• Architecture and Scalability (7)


    Vuk Marković


    Architecting real-time cloud collaboration systems

    Using cutting-edge modern technologies for real-time communication, you’ll learn how to architect and build a large-scale distributive system that will act as an expandable collaborative environment, capable of handling thousands of users in real-time, allowing them to work together remotely.

    In this talk, using cutting-edge and modern technologies for real-time communication, the audience will be able to learn how to architect and build a large-scale distributive system that will act as an expandable collaborative desktop environment, capable of handling thousands of users in real-time and allowing them to work together remotely. In the end, the audience will be able to apply the concept for engineering any multi-user system that requires a robust state synchronization. The overall idea of the concept revolves around efficient server-side management and discovering a way to robustly update it and distribute it to other machines and client devices. Finding such a strategy is not easy and requires a lot of research, benchmarking, and other relevant techniques in order to achieve the best performance for handling such a large number of users. Connecting the fields of system engineering, software engineering, and engineering management, this talk will be a great introduction into many different projects that can be built on the foundation that this talk will bring to the audience in an interesting and challenging way.

    The talk was accepted to the conference program


    Lia Yepremyan

    AMD Armenia

    AI embedded in the chip

    For a number of years, artificial intelligence has been at the top of the technology must-watch list for evolving trends and applications. With our ability to build smart machines that simulate human intelligence, the implications for technological advancement across numerous sectors are endless. So, what could be better than artificial intelligence? Embedded artificial intelligence.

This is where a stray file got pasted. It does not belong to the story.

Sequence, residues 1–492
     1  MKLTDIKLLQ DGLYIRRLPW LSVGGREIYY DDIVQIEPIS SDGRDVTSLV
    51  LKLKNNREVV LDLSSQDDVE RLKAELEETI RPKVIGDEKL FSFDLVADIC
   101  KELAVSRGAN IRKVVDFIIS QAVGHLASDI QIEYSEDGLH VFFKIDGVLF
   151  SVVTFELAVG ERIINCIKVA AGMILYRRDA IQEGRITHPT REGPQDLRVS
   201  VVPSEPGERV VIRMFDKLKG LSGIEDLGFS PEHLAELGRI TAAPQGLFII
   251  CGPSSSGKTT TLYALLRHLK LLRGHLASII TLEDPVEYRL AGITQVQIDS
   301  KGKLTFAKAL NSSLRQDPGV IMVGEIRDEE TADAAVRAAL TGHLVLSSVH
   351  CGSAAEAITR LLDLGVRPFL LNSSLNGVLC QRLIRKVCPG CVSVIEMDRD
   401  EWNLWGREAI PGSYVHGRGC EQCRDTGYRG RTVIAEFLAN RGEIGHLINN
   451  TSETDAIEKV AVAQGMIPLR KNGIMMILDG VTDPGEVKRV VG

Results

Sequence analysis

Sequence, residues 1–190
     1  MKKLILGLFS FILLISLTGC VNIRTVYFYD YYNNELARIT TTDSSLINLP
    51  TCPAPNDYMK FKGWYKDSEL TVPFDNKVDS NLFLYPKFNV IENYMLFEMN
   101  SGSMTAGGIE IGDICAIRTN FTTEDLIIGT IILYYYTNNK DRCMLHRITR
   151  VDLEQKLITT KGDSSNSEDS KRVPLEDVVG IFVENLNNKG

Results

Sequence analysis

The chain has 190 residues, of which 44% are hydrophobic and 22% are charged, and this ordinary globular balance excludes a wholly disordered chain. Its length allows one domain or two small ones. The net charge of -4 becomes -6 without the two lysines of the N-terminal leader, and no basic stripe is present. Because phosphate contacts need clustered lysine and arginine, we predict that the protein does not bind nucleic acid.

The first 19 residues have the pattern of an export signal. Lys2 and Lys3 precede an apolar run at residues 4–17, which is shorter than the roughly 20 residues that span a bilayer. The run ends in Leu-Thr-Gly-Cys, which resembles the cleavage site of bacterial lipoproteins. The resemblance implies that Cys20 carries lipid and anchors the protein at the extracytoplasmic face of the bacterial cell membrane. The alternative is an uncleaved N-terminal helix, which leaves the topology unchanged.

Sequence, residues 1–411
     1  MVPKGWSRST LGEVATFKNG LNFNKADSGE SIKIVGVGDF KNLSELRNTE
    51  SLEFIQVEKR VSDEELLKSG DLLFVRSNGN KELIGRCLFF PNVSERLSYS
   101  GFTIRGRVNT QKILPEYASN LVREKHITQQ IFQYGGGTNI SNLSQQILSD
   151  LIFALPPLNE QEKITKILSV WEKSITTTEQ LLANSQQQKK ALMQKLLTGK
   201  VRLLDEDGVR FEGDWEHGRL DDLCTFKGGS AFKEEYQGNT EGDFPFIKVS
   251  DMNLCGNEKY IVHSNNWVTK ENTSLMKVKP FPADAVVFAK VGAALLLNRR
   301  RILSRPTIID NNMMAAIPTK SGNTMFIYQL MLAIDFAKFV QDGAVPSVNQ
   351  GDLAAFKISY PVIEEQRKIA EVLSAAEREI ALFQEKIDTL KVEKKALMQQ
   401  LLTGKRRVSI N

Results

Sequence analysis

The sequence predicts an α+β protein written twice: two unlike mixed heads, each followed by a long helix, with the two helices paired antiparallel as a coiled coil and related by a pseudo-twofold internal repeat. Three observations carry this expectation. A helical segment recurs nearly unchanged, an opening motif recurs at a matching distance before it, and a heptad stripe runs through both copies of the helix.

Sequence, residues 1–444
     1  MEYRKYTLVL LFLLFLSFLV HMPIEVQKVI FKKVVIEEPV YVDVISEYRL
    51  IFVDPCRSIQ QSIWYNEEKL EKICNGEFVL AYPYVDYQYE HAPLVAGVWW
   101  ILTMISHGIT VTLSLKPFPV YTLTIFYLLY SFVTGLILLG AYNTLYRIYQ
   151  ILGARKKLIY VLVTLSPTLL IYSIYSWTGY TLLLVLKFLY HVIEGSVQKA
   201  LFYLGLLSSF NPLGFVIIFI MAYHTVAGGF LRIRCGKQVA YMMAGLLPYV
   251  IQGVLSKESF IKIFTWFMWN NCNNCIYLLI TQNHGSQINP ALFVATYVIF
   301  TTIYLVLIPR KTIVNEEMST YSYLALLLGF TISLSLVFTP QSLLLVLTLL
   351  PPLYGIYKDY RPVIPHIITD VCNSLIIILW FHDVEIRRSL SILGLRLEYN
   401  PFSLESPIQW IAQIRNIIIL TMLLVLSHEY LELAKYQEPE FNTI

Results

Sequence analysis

The Program Committee has not yet taken a decision on this talk


    Alexander Sibiryakov


    Kafka architecture: performance

    Kafka is a distributed messaging system capable of delivering high performance. In my talk I’ll explain the architecture of a broker and client parts, putting emphasis on design concepts enabling high performance. It will be useful for system design and overall understanding of Kafka.

    There is not much information available on the net on Apache Kafka architecture, and I would like to fill this gap. In this talk, I’m going to roughly explain the design of distributed messaging in Kafka. To achieve the state of art IO performance, Kafka is making use of page writeback strategy, zero-copy, along with other optimisations on the client and server sides. To my understanding, these optimisations were the main driver of the design of the whole system, protocol, and client APIs. This talk will focus on the concepts responsible for high bandwidth, and will leave out topics of distributed agents coordination, cluster discovery, etc.

    This talk will be useful to architects and system programmers for training system design skills and improving overall understanding of Kafka, as well as to those who are using or considering using Apache Kafka.

    The main things we are going to discuss are:
    - Which architectural decision is making Kafka performant?
    - Meaning of efficiency for Kafka
    - How to benchmark Kafka
    - Theoretical throughput limit
    - Large diagram of a message write path
    - Overview and design of Kafka Producer client
    - Linux writeback
    - Read path diagram
    - Kafka Consumer client design
    - Summary: what makes Kafka efficient

    The Program Committee has not yet taken a decision on this talk


    Edgar Mikayelyan

    Qrator Labs

    HTTP/2: The Good, The Bad and The Vulnerable

    4 July, 11:10, «Hall 1»

    HTTP/2 is a newer version of HTTP protocol that enhances client-server communication with faster speed and efficiency. It also brings new vulnerabilities to the table. In this talk, we will explore the strengths and weaknesses of HTTP/2 and discuss how to protect against common DoS and DDoS attacks.